|You are here: Cambria > Past Events > 1874 Johnstown Tribune|
Friday, 26 Jun 1874
ENGINEER AND FIREMAN KILLED
ENGINE AND EIGHTEEN CARS WRECKED
On Saturday last it was our unpleasant duty to chronicle the occurrence of one of those sad accidents on the railroad by which one man was hurried into eternity in an instant, and another died a horrible lingering death a few hours after the wreck happened. On that afternoon, First Local freight was drawn by engine No. 884, and officered by John GREY, engineer; Kesey PRINGLE, fireman; Martin MILLER, conductor and the usual complement of brakemen, was passing at a point one mile east of Wilmore at 2:35 o'clock, when a cow was discovered lying across the track. The train was running at the rate of about eighteen miles an hour, and as the curve is very short, Mr. GREY did not see her until too close to check the momentum of the cars. The result was that when the pilot struck the cow the locomotive was thrown from the track. and after running nearly parallel with the rails for about a distance of fifty feet it suddenly sheered off at a right angle and turned upside down over the steep bank into the swampy ground below.
As soon as the engine left the track, Mr. GREY jumped off on the upper or hill side, and the cars of his train came crashing along, running over and mutilating his remains in a horrible manner. Of course, instant death resulted. Eighteen cars followed the engine, and were piled up over the embankment in the vicinity of where the locomotive lay. The fireman, Kesey PRINGLE, did not attempt to jump off, and was consequently buried under the engine. His agony while fastened in such a position for nearly an hour and a half must have been terrible, as one of his legs was broken and he was also badly scalded by the escaping steam. All possible dispatch was made to rescue him, but the manner in which the debris was piled up over the spot prevented the workmen from making rapid headway. Finally, at the expiration of an hour and a half, he was taken out and removed to Wilmore, where he expired at half-past eight o'clock last night.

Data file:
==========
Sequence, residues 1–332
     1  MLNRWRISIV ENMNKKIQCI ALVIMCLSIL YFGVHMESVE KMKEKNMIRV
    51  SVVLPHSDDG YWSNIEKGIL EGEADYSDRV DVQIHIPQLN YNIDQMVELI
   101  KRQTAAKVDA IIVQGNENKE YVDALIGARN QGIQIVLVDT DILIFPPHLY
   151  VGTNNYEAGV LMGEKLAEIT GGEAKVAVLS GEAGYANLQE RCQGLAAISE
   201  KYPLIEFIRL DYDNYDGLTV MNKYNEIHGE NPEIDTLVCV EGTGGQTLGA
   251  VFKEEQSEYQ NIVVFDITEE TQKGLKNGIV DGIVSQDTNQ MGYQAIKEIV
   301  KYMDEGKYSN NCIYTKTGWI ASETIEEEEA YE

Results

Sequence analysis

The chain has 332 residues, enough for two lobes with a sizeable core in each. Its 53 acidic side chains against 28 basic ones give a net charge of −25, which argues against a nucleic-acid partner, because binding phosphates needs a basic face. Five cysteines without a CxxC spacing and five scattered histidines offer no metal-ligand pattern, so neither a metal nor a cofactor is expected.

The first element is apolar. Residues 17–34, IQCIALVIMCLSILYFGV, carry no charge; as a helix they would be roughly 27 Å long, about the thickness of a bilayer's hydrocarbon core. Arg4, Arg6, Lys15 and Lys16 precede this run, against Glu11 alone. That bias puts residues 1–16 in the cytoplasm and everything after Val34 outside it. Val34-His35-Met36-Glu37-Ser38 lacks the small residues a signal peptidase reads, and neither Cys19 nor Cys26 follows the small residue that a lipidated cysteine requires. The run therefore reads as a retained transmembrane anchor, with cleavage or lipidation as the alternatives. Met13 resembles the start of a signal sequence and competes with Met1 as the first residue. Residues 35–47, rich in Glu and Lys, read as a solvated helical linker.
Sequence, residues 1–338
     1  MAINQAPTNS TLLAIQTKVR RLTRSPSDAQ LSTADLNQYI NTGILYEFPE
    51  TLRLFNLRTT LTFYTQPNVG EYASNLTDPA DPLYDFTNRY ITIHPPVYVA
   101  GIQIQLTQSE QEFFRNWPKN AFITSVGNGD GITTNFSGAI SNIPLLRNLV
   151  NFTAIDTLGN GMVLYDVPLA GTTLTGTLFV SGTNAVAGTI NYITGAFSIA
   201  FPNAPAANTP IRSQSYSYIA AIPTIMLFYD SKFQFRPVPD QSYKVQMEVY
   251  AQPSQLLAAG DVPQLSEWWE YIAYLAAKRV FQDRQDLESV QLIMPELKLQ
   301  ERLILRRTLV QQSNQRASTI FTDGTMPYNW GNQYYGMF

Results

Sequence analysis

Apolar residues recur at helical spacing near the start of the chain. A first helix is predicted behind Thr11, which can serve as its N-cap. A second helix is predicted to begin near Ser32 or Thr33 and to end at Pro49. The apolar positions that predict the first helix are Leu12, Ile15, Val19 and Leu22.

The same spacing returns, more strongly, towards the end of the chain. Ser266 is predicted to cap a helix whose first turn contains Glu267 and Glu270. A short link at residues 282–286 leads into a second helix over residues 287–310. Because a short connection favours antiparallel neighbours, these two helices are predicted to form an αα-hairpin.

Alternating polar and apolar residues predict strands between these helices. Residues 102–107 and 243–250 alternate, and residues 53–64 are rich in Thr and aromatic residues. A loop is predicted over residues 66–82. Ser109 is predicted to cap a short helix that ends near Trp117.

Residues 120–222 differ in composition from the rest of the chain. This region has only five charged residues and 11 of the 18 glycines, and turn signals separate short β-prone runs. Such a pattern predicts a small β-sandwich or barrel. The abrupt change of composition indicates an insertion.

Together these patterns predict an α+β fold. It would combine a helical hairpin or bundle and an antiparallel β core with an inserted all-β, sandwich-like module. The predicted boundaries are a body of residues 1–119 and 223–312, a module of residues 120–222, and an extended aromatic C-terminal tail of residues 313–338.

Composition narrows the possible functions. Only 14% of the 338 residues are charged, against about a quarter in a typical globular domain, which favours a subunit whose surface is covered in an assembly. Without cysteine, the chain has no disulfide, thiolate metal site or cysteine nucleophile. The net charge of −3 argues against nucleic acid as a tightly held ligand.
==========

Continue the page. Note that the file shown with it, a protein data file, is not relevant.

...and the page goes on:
A brakeman named ARTHURS, who was on the eighth car back from the engine, saved his life by leaping off, although he received some very severe bruises in alighting on the stone ballast. His injuries will not prove fatal. The other train hands escaped comparatively uninjured, as the concussion of the stoppage of the remaining twenty-six cars, which did not leave the track, only caused a few small bruises on their persons, which do not amount to much.
The body of Mr. GREY was brought down to a depot at East Conemaugh, and laid out in the lamp room. We viewed the corpse last evening, and found that the entire top of his skull was crushed in, his body badly bruised, while the lower portion of it was ground into a shapeless mass. The remains of Mr. PRINGLE were brought down on the Mail Train that night, and removed to the home of his father, Mr. Daniel PRINGLE, in Franklin Borough. This young man was in the twenty-first year of his age, and was unmarried The home of Mr. GREY was in East Conemaugh, just a few yards from the depot. He was aged forty years, and leaves a wife and one child to mourn his demise. On Saturday, March 14th last his brother, Mr. George GRAY, met with instant death at East Conemaugh by being run over by a passing freight train. The tragic death of these worthy men has cast a gloom over the residents of that borough, where everybody had a liking for them.
The funeral of Mr. John GREY took place from his late residence at 9 o'clock on Sunday, the remains were taken to Jackson Township for interment. The body of Mr. PRINGLE was consigned to the earth in the Pringle Cemetery at Summerhill. It was taken from Franklin Borough to that place at 10 o'clock on Sunday.